Fasaden av gamle Deichmanske hovedbibliotek i Oslo.

It is said that 80 per cent of the building stock we will use in 2050 has already been built. So why are we building so many new buildings?


Empty buildings and lost values

Barn sitter rundt et bord og gjør skolearbeid. I midten står roboten AV1. Øynene til roboten er rettet mot en bok.

The government is using big words to speak on behalf of the Norwegian health sector. But if the health industry doesn’t load the design canon, the Americans will arrive and colonise us. It is no longer good enough to be world champions on home turf.


Dear health sector: Load the design canon before it’s too late!

Norway can take the lead and serve as a breeding ground for the global, digital services of the future that are adapted to individuals and their needs. But are politicians, bureaucrats and business community leaders sufficiently aware of how important the design disciplines are in developing good solutions for such a diversity of users?


A well designed future

To barn går i bybildet i Oslo

The Barn i by (Children in the City) project, which entailed the implementation of the Barnetråkk (Kids Tracks) approach in existing routines and working methods, has come to an end. The project showed that participation is difficult to achieve in practice and that municipalities need to allocate more time and resources to accomplishing this.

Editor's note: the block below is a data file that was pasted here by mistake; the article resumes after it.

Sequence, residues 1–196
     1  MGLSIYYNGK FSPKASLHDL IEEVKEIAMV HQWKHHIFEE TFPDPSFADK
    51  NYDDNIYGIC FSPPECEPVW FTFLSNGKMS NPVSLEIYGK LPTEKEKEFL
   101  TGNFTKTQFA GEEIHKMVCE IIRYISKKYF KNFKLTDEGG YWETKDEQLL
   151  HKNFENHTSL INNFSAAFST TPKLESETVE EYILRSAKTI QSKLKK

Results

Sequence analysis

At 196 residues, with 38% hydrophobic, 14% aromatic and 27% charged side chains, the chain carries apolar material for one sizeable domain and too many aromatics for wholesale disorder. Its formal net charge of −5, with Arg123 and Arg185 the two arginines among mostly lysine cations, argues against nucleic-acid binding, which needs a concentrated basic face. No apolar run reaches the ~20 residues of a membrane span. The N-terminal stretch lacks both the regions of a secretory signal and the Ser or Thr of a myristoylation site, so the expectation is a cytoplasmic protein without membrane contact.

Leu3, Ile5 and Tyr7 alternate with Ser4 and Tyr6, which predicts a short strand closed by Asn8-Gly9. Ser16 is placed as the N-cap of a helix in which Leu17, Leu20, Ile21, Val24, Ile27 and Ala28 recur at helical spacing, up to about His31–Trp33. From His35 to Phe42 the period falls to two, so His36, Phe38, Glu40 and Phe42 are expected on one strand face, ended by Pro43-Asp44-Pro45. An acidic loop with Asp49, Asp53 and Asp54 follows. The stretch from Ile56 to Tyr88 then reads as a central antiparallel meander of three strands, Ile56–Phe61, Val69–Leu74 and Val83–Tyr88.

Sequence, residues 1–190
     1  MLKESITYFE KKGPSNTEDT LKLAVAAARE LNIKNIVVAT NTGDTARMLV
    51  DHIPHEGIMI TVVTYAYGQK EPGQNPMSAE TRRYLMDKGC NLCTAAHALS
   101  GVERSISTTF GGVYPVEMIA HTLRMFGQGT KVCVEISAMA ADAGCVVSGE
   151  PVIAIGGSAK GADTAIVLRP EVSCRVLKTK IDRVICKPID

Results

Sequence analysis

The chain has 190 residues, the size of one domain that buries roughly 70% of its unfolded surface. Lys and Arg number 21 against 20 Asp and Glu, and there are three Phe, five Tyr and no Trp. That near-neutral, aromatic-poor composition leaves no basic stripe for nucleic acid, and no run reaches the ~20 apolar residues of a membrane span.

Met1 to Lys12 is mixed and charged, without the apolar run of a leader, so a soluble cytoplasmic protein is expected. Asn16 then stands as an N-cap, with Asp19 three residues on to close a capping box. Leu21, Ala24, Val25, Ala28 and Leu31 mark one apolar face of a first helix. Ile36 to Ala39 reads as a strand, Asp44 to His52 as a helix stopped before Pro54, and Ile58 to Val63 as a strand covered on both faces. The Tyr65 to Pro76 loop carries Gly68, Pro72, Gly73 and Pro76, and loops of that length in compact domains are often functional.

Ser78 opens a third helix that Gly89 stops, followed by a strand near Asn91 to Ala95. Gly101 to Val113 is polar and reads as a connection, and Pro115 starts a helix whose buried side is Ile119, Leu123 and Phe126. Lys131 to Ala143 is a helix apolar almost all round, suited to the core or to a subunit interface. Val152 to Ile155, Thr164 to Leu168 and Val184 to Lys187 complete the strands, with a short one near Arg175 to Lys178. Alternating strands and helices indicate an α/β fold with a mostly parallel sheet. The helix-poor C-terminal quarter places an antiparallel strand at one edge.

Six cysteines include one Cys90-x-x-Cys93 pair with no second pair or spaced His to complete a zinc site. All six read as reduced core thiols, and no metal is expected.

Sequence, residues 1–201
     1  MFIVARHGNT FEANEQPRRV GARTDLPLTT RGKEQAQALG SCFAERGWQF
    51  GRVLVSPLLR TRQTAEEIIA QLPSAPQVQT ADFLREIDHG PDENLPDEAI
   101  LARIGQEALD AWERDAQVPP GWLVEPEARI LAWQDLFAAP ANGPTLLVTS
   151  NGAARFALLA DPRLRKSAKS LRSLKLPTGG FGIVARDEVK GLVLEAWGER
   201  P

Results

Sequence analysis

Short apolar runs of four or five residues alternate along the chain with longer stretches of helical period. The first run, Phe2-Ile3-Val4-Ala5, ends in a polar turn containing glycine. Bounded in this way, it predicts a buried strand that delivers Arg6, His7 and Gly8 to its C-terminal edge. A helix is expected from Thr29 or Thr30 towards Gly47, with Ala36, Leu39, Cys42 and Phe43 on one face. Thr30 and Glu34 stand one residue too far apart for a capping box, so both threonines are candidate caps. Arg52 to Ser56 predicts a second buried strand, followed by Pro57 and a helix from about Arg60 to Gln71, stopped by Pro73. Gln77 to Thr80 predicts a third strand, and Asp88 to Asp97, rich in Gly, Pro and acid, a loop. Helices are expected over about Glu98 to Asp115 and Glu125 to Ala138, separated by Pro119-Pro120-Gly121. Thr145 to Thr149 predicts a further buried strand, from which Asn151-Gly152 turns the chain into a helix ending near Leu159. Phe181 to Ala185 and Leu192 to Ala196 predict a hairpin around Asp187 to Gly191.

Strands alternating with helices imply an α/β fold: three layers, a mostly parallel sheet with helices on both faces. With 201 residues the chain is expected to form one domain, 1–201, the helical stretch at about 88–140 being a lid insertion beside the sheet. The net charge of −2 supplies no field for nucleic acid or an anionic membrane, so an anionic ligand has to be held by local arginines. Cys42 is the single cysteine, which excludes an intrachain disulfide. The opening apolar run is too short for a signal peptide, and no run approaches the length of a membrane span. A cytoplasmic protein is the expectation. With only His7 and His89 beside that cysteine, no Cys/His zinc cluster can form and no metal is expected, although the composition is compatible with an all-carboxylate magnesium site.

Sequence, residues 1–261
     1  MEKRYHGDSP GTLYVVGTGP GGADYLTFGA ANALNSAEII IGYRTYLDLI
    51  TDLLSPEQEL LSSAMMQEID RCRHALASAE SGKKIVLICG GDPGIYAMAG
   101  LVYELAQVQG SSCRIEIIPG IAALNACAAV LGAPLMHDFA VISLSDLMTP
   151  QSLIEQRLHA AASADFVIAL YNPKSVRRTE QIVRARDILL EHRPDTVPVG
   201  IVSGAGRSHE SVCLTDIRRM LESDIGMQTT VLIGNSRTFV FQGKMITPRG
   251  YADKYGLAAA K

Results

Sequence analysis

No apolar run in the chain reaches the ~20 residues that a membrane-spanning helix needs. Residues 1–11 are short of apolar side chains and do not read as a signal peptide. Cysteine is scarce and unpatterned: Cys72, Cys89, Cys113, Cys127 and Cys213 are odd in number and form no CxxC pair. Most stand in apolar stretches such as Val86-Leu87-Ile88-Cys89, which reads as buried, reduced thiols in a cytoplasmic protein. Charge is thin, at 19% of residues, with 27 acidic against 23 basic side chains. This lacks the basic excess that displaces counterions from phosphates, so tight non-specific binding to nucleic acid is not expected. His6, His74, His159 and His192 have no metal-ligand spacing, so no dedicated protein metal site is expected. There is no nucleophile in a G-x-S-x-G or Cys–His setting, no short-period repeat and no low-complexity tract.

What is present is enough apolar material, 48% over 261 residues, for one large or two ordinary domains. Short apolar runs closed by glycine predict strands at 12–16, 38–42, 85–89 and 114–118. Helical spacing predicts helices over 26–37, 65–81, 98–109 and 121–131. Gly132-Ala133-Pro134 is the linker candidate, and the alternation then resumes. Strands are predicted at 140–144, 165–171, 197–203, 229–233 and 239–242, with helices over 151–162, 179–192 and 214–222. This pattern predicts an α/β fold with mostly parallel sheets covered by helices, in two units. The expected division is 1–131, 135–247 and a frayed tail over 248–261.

Participation should become routine!

This article was first published in Klassekampen on 1 June 2017: Urban employees more productive than rural ones. How will the end of the oil era affect urban and rural politics? National politicians, architects and city planners need to take action.

Rural districts can learn from the cities

Adrian Paulsen fra Halogen skisserer på en illustrasjonstegning som henger på veggen.

What happens when four directorates are responsible for providing a single service? In the public sector, service design is all about untangling complexities in order to trigger innovation.


Service design is all about untangling complexities

It’s an election year, Norway is undergoing extensive restructuring and many are concerned about the future. Digitisation and new technology are the buzzwords of the election and are used as both scare tactics and to create a sense of hope for the future. But just how much will they affect our lives or urban development in the year 2040?

Tinder & the City